Cal  Thomas
In a speech resembling a TV re-run (the liberal website The Daily Beast called it "dull"), President Obama accepted his party's nomination for a second term. In doing so, he made the most ludicrous claim of this campaign, indeed, of his presidency: "You didn't elect me to tell you what you wanted to hear. You elected me to tell you the truth."

With this president, truth telling remains an unfulfilled promise. Telling Democrats what they want to hear was what the Charlotte convention was all about.

Perhaps the only truth-teller at the convention was Cardinal Timothy Dolan, the archbishop of New York. In his benediction, Dolan stood against the anti-life tide of the Democratic Party when he prayed: "Thus do we praise you for the gift of life. Grant us the courage to defend it, life, without which no other rights are secure. We ask your benediction on those waiting to be born, that they may be welcomed and protected."

It was a gutsy move by Dolan. But, according to Media Research Center's NewsBusters, "The only networks respectful enough to show the prayer in its entirety without interruption were Fox News, Fox Business and C-SPAN. ABC, CNN, and PBS kept it in the background, while talking over it. MSNBC completely ignored it." Dolan's prayer was also a rebuke to a convention that failed to include the word "God" in its party platform. The three voice votes appeared to favor omitting any reference to God in the Democrats' platform, but because of how it would look to some religious voters, Los Angeles Mayor Antonio Villaraigosa, the convention chairman, declared the necessary two-thirds majority vote. The response? Boos from the crowd.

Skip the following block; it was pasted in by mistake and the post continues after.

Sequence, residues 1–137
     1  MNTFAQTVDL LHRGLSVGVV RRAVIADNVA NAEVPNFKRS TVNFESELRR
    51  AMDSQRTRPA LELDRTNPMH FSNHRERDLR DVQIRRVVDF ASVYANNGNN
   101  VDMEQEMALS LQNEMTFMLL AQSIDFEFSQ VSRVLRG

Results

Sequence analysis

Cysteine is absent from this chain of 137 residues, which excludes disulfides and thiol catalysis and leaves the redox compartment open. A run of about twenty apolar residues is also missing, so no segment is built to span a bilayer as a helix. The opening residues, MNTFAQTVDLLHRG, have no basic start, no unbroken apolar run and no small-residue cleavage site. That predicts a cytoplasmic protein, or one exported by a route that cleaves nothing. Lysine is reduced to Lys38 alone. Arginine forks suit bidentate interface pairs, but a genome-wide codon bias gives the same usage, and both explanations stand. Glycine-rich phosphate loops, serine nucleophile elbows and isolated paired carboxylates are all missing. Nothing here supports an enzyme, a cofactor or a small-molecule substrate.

The party platform would be more truthful had it left God out. Would God approve of abortion on demand and same-sex marriage? Not according to the Book delegates could consult in their hotel rooms. A convention dominated by the left's fixation on this modern form of child sacrifice, along with contraception and same-sex marriage, is not the type of agenda likely to find favor with God, or appeal to many in Middle America. Bigger government programs to "help" the poor reach the middle class are unlikely to cover this multitude of sins.

I would be perfectly fine if both parties stopped talking about God. In fact, I would prefer politicians end their speeches with something other than "God bless you and God bless America." What's wrong with "thank you for listening and good night"? Why should God bless America? What are we doing that would earn His favor? This is sloppy theology that any first-year seminary student, or serious layman, could dissect.

Cal Thomas

Get Cal Thomas' new book, What Works, at Amazon.

Cal Thomas is co-author (with Bob Beckel) of the book, "Common Ground: How to Stop the Partisan War That is Destroying America".
 
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